Nicholas of Autrecourt’s Quaestio de intensione visionis Revisited: The scola Oxoniensis and Parisian Masters on Limit Decision Problems

in Vivarium
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Previously, the author tried to show that some arguments in one of the two versions of Nicholas of Autrecourt’s Quaestio de intensione visionis are taken almost verbatim from the anonymous Tractatus de sex inconvenientibus. This paper concentrates on the arguments themselves in order to consider two main issues: (a) the ‘translatability’ of limit decision problems, manifest in Autrecourt’s juxtaposition of questions de maximo et minimo, de primo et ultimo instanti, and the intension and remission of forms; (b) the importance of Parisian discussions of limit decision problems prior to the adoption of the new analytical languages developed at Oxford. Thus, the paper is divided in two sections, the first concerning some arguments of Autrecourt’s question, the second focusing on the link between one of Autrecourt’s arguments and the medieval tradition of commentaries on Aristotle’s De caelo, in which it is possible to find some antecedents of the analytical approach that later Parisian scholars (Autrecourt among them) would apply to these problems.

Nicholas of Autrecourt’s Quaestio de intensione visionis Revisited: The scola Oxoniensis and Parisian Masters on Limit Decision Problems

in Vivarium




J.R. O’Donnell“Nicholas of Autrecourt,” Mediaeval Studies 1 (1939) 179-280at 268-280.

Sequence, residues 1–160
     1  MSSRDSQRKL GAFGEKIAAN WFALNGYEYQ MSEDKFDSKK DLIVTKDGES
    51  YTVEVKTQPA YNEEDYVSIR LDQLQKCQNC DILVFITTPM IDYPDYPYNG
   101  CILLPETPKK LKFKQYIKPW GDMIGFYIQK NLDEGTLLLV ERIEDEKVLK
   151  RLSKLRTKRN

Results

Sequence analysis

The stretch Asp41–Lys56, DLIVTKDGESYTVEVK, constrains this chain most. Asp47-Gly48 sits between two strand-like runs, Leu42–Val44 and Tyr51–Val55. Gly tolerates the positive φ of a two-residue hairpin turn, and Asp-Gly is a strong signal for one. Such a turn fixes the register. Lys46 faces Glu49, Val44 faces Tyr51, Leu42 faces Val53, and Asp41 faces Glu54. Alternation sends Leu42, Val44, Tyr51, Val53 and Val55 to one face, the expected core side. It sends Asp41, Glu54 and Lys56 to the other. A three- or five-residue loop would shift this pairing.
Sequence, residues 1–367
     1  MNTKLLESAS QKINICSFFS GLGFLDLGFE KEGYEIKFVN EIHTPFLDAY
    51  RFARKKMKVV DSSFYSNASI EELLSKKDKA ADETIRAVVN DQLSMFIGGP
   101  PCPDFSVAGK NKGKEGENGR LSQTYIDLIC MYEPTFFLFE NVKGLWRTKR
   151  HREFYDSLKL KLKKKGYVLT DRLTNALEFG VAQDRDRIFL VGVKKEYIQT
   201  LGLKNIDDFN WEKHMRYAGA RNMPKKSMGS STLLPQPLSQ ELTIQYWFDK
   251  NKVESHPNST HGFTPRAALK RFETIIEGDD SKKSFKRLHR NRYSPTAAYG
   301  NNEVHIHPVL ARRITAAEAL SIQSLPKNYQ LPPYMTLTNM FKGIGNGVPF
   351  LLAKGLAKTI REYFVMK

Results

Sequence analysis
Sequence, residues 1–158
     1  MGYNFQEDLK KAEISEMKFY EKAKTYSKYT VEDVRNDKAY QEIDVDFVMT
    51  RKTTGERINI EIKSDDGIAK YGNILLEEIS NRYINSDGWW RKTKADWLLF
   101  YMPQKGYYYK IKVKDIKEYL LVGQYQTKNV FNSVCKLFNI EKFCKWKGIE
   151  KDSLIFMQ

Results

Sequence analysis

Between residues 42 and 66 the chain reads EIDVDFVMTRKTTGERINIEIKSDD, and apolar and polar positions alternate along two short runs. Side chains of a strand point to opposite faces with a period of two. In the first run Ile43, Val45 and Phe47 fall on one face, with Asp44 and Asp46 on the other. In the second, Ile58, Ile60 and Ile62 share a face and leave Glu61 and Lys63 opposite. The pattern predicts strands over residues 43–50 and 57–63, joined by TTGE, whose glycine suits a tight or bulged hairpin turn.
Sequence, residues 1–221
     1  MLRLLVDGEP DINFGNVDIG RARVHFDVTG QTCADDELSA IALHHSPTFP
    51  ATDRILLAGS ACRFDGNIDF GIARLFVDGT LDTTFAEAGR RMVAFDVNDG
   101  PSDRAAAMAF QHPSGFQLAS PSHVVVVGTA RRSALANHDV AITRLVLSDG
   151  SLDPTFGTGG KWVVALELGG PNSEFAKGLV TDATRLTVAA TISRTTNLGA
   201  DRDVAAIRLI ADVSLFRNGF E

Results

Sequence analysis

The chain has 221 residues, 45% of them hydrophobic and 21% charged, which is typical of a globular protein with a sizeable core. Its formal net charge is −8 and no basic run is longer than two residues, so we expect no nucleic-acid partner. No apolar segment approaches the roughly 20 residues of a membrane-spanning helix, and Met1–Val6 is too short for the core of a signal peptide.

See also discussion in KaluzaNicolas d’Autrécourt200-204. It could also be argued that Autrecourt might have made use in the context of a theological dispute of some arguments devised and arranged earlier in the context of the Faculty of Arts. Alternatively if Autrecourt continued to teach in the Faculty of Arts after his Sentences lectures in 1335-1336 it is possible to conceive that both versions were devised roughly around the same time arranging the same arguments in each case for different academic purposes. For details of the academic career of Nicholas of Autrecourt see W.J. Courtenay “Arts and Theology at Paris 1326-1340” in Nicolas d’Autrécourt et la Faculté des Arts de Paris (1317-1340) ed. S. Caroti and C. Grellard (Cesena 2006) 15-63 as well as Kaluza Nicolas d’Autrécourt 9-73.


Caroti“Nuovi linguaggi” 210-226. In the case of Albert of Saxony there is also a special treatise De maximo et minimo elaborated from material from his De caelo commentary; see D. Di Liscia “El tractatus de maximo et minimo según Albert von Sachsen en el manuscrito H65 [580] de la Biblioteca Comunale Augusta de Perugia” in Studium Philosophiae. Textos en homenaje a Silvia Magnavacca ed. C. D’Amico and A. Tursi (Buenos Aires 2014) 147-163.


Caroti“Nuovi linguaggi” 183. This kind of distinction advanced in order to save Aristotle from apparent or real contradictions is in fact rather common; see. S. Ebbesen D. Bloch J.L. Fink H. Hansen and A.M. Mora-Márquez History of Philosophy in Reverse. Reading Aristotle Through the Lenses of Scholars from the Twelfth to the Sixteenth Centuries (Copenhagen 2014) 43-55.


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